A perverse incentive
is a term for an incentive
that has the opposite effect to that intended. Perverse incentives are one of the most common forms of unintended consequences.
- paying the executives of corporations proportionately to the size of their corporation, intended to encourage them to grow their companies by trading, has caused many of them to pursue mergers to grow their companies, to the detriment of their shareholders
- funding fire departments by the number of fire calls made, intended to reward the fire departments that do the most work, discourages them from fire-prevention activities
- in India, a program paying people a bounty for each rat pelt handed in, intended to exterminate rats, led instead to rat farming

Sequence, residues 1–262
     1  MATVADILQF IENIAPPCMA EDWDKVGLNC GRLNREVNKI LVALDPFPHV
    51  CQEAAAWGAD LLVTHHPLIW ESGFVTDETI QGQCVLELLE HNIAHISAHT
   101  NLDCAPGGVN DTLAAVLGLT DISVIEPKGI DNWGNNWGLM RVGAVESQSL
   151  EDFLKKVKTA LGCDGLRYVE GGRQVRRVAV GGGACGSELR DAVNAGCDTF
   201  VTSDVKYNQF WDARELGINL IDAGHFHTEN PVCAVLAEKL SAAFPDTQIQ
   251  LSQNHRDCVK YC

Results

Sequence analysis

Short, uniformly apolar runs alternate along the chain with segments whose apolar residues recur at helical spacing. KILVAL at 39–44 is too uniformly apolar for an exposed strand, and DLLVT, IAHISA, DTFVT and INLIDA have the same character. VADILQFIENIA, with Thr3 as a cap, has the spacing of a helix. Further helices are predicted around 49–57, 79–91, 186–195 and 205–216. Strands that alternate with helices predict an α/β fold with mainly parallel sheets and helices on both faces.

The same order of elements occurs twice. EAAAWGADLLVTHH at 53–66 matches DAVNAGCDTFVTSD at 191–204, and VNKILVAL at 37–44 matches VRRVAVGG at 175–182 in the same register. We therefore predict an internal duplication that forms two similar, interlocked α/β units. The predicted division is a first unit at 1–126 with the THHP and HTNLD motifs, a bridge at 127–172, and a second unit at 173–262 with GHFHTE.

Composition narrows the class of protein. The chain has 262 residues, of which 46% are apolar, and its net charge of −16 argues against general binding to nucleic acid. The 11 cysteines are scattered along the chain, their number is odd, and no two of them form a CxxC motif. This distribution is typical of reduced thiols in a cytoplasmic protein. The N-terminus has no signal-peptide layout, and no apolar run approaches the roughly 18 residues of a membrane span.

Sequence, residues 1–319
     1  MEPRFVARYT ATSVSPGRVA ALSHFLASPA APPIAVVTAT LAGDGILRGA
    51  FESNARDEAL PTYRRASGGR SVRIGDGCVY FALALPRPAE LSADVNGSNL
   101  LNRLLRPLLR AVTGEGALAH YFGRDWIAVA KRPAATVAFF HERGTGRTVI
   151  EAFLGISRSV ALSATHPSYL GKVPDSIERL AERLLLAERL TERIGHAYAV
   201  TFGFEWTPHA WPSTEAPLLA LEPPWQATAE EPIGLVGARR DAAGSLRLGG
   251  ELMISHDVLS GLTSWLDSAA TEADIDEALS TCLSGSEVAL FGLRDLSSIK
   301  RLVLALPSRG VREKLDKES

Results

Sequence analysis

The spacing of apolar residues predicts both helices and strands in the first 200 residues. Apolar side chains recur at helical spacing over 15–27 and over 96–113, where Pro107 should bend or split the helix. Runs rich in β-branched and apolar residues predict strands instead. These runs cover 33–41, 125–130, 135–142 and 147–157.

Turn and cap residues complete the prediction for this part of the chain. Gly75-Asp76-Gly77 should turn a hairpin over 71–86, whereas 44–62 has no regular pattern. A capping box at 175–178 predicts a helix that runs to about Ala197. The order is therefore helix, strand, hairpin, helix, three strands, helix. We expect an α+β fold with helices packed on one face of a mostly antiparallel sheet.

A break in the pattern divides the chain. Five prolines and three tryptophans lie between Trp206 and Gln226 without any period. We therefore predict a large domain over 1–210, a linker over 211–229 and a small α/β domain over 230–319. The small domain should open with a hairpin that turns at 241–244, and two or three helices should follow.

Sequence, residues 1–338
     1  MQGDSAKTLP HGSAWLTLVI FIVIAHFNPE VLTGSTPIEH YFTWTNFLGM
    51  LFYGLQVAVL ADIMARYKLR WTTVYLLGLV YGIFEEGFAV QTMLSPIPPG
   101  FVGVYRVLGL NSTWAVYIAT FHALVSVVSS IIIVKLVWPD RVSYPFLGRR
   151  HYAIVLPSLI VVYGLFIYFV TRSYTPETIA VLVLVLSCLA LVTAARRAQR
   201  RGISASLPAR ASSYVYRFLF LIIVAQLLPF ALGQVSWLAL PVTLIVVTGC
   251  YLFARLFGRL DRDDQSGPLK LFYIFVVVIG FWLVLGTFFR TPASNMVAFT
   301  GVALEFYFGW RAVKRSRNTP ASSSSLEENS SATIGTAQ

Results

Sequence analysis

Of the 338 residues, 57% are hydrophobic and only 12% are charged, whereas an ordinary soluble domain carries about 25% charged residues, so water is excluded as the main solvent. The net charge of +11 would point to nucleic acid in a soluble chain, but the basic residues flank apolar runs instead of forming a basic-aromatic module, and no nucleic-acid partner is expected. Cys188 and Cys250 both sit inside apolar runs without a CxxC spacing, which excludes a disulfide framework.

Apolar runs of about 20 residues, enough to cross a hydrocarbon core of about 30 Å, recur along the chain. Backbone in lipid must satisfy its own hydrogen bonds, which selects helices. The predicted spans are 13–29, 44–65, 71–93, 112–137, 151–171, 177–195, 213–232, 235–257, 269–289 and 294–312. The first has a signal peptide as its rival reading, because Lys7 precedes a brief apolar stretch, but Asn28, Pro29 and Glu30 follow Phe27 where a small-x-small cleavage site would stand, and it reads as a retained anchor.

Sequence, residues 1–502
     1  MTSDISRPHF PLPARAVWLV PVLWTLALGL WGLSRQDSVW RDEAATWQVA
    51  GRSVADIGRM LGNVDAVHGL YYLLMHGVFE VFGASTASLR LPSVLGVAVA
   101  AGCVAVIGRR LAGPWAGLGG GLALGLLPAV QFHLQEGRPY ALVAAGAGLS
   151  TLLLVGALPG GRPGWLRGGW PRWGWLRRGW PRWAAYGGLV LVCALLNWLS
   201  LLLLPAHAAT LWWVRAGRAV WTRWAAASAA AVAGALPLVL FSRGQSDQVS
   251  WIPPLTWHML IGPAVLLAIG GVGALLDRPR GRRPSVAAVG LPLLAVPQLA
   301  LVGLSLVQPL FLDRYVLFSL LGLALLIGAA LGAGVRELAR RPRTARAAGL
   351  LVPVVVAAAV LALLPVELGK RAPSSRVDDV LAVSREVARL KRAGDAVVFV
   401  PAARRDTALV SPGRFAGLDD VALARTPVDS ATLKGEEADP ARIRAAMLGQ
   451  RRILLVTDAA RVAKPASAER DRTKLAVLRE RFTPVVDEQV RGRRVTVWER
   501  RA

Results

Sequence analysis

- requiring strong passwords for access control systems causes many users to write their passwords down (as they are now impossible to remember), negating the security advantage of strong passwords.
- "Three-strikes laws" which are intended to be tough on criminals, but actually encourage them to murder people to avoid getting caught, as the sentence for murder is no worse than the consequences of being caught for the third time.
- John Sloan III, Tomislav V. Kovandzic and Lynee M. Vieraitis. Unintended Consequences of Politically Popular Sentencing Policy: The Homicide-Promoting Effects of 'Three Strikes' in U.S. Cities (1980-1999). Criminology & Public Policy, Vol 1, Issue 3, July 2002.